President of Russia Dmitry Medvedev: Good afternoon, colleagues,
I would like to begin today’s meeting with a few words about the events that took place yesterday. You know that an explosion took place in North Ossetia and that the main version put forward so far is that this was a terrorist act. We express our condolences over what has happened of course, but we also need to discuss what steps to take now. This act is clear evidence that the terrorist threat is still present in our country and we cannot afford to let down our guard. We have succeeded in suppressing active terrorism in the country, but the environment that can give rise to these kinds of crimes still remains. The conclusion therefore is that everyone, the federal and regional agencies, the regional authorities, all have to work as hard as possible.
We must move swiftly to work out exactly what happened, and I therefore instruct our colleagues present here – the National Anti-Terrorism Committee, the Prosecutor General’s Office and its Investigations Committee, and all the law enforcement agencies, the Federal Security Service and the Interior Ministry, to work out what happened, investigate all the circumstances of this crime and report to me personally as rapidly as possible.
Now, to turn to the issues that we have gathered to examine today.
We will look at steps to improve law enforcement work. By this I mean making it more effective at every stage.
Preliminary results for this year show that some types of crime are on the decline. Judging by the statistics available, there has been a drop in the number of serious and very serious crimes. But this is not reason to grow complacent. You are aware that statistics do not always reflect the full situation with crimes. Furthermore, in a number of areas there are still very obvious problems and this is something we are all well aware of.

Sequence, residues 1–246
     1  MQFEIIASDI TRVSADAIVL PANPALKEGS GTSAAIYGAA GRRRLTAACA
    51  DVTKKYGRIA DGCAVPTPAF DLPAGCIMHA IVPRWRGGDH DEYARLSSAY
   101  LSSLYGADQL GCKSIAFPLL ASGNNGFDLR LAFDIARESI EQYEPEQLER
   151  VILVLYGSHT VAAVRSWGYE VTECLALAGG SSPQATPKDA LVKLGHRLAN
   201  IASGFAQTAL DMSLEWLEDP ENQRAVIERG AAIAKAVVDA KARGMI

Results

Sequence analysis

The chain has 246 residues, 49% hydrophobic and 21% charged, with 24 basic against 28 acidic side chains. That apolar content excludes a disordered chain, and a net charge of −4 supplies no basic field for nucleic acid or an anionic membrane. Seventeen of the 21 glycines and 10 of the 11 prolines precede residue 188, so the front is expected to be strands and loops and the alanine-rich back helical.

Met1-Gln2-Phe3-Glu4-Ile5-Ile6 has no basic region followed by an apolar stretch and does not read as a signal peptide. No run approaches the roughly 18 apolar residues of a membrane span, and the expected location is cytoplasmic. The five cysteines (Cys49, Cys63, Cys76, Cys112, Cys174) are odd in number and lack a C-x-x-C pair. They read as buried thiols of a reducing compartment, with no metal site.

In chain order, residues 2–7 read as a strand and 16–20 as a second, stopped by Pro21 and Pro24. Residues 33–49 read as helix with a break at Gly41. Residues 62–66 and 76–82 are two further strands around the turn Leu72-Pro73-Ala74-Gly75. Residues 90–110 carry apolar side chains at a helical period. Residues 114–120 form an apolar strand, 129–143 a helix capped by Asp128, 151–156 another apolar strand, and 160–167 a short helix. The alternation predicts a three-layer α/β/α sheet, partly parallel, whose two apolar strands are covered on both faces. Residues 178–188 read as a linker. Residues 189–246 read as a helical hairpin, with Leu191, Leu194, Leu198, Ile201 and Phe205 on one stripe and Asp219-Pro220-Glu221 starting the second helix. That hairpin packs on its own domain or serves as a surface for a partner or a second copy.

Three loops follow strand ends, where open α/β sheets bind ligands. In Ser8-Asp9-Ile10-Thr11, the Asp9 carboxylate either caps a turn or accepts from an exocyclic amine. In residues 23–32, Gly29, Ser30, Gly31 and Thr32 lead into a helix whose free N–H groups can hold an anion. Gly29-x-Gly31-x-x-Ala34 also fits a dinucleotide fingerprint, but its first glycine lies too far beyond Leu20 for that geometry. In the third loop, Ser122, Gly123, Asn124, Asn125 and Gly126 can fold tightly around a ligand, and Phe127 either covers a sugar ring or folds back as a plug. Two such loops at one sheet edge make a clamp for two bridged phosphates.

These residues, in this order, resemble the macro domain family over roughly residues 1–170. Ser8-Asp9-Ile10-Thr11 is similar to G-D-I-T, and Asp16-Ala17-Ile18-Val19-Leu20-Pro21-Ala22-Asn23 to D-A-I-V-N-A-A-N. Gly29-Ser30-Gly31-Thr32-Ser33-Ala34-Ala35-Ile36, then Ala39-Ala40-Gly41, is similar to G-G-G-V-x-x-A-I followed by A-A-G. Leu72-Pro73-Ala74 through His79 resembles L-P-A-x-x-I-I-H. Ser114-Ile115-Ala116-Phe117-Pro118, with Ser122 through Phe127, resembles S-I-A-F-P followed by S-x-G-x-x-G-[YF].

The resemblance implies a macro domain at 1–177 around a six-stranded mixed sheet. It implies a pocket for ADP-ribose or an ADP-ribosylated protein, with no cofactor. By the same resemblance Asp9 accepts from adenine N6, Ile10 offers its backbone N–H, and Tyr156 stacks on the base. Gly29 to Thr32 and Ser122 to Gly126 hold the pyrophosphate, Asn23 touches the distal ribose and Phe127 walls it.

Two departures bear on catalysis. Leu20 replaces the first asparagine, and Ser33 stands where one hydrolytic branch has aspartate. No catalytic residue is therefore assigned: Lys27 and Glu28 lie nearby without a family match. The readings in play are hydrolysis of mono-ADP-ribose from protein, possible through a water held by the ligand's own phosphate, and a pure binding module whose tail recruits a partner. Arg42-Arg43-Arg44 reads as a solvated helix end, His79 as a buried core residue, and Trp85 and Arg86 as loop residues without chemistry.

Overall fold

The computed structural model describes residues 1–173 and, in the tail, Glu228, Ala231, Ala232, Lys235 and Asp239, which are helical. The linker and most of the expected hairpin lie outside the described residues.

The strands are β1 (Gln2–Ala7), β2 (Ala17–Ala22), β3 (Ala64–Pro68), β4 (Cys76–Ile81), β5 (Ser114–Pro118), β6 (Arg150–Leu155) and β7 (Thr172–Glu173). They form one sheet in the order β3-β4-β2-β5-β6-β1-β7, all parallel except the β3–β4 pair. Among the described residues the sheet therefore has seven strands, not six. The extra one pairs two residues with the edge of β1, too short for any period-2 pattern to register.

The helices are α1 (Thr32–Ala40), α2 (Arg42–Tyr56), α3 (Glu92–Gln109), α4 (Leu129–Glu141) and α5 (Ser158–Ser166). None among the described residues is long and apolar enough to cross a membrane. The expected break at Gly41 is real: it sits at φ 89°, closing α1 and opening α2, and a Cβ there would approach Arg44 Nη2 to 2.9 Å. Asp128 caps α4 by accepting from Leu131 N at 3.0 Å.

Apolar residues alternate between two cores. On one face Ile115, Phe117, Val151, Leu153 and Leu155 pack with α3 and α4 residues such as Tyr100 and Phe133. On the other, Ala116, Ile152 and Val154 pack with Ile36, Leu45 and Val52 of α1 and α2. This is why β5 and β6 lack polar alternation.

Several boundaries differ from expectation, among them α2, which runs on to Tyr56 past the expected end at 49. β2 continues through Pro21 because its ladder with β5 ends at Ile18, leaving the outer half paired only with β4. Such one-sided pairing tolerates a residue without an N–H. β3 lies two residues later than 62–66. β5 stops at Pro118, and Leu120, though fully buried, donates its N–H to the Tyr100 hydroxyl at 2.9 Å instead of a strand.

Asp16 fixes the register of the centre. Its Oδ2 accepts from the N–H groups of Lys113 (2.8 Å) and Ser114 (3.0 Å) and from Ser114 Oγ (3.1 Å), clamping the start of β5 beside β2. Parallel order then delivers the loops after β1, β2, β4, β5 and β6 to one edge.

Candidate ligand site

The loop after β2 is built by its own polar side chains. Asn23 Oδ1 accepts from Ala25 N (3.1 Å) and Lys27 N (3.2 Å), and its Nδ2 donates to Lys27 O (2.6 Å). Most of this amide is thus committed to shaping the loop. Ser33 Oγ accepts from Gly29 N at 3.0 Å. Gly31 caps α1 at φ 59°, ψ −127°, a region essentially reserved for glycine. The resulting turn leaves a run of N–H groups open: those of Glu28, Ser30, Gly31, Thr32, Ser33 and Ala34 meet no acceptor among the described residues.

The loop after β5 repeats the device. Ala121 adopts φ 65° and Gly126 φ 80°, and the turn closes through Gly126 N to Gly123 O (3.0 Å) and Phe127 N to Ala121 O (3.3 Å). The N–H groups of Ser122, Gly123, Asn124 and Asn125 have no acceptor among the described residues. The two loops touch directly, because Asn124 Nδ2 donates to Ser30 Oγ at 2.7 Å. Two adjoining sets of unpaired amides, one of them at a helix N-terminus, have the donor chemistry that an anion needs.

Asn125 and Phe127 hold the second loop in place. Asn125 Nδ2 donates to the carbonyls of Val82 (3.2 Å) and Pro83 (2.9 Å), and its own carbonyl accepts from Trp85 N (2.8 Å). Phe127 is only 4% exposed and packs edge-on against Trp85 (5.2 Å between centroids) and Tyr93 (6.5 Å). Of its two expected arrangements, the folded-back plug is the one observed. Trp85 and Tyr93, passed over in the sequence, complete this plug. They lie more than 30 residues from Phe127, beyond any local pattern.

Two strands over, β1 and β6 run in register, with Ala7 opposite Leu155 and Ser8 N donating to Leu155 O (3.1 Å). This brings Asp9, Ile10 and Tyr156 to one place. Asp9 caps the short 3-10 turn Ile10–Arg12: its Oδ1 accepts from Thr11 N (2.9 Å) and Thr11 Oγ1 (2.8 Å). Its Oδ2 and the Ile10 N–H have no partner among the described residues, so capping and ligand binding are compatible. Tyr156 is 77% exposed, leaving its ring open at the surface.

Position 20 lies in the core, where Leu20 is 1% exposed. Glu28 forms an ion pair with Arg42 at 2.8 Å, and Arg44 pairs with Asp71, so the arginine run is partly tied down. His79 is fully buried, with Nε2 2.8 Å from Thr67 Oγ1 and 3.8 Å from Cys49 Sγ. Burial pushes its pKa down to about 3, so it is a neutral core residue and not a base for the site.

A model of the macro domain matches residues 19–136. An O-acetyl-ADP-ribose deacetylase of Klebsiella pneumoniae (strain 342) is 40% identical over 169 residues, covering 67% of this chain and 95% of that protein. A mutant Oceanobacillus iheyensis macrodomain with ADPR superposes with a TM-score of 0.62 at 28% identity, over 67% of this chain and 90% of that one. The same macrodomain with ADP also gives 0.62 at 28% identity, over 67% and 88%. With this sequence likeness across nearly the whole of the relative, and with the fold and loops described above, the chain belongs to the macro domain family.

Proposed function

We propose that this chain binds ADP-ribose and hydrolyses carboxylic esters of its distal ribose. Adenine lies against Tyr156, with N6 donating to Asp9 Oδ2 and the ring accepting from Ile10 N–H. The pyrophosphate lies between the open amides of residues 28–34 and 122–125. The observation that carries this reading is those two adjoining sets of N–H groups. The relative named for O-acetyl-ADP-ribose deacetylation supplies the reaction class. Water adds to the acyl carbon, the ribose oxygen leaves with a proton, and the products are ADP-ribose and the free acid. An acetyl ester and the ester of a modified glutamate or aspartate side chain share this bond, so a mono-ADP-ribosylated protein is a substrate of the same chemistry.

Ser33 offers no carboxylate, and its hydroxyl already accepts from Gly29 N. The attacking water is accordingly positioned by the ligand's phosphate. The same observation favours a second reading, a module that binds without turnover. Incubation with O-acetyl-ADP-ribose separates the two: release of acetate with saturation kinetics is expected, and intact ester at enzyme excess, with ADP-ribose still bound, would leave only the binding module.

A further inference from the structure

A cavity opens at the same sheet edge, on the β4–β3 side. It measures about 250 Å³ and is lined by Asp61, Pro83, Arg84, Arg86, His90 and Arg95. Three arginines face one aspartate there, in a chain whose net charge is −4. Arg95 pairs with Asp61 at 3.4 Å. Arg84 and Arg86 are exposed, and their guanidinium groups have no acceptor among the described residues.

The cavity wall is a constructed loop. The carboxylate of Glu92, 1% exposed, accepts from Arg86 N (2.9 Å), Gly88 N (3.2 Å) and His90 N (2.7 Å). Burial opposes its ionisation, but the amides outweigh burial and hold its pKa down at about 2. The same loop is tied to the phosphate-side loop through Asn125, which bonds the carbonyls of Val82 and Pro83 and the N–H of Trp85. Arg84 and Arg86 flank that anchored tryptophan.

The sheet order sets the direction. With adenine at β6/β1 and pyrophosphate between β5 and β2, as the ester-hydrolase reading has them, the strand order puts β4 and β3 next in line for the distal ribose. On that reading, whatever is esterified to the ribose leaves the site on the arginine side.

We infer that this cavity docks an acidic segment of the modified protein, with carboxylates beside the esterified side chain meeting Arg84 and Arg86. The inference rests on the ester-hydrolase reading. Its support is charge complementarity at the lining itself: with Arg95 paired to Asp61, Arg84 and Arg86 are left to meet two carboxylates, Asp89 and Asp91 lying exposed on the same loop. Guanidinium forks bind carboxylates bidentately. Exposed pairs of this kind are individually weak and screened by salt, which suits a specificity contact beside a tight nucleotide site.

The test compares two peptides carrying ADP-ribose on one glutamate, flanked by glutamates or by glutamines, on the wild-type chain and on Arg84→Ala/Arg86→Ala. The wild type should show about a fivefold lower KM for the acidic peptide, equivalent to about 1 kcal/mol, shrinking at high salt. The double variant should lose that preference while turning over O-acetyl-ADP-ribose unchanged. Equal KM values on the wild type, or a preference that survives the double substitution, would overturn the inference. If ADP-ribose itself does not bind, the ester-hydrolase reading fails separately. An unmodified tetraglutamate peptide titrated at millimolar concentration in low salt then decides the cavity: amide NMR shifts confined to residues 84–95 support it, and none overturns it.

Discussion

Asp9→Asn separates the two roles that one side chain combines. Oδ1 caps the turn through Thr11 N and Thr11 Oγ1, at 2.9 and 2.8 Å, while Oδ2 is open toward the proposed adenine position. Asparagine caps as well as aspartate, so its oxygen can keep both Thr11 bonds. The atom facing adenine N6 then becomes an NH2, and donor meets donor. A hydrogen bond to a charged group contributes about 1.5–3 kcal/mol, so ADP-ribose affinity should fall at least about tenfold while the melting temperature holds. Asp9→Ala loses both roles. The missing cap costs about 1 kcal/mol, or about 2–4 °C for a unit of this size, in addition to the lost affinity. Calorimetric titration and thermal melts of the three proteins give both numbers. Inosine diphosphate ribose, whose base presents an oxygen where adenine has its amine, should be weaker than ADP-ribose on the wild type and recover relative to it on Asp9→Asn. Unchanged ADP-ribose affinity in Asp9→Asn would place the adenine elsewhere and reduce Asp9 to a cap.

Of particular cause for concern is the increase in the number of criminal cases that are the subject of lengthy investigations that do not respect the time limits for preliminary investigations. This violates the rights of the accused, who end up being held in custody throughout this long time period in pre-trial detention centres. You know what kind of situation this creates – the prisons are overcrowded. This is no secret. This creates big problems for getting these people ready to return to society. In these cases, the detention conditions do not meet even minimal standards, not to mention that they do not comply with the requirements set out by law. Furthermore, the consequences are also obvious – this creates a situation where thousands of people find themselves forced into the prison sub-culture.
These are the sorts of consequences we find ourselves having to deal with, and so I remind you of the importance of respecting the law when making decisions to keep people in detention. This is a special measure and it should be applied in compliance with all of the laws and only concerning people who present a genuine danger for society. <…>
The next issue we could discuss here, because the situation is rather complex, is the consequences of the global financial crisis. You know that the state is putting large amounts of money into supporting the Russian economy and financial system. We have transferred more than 1 trillion roubles already just for strengthening the banking system. And our support will not end here. Why do I say this? Because, of course, this support is earmarked above all for the real sector: the defence industry, machine-building, agriculture, and in some cases big companies involved in the retail trade. Most important of all is that these funds be spent strictly for their designated purpose. The state agencies, including the law enforcement agencies, are responsible for overseeing all of these operations.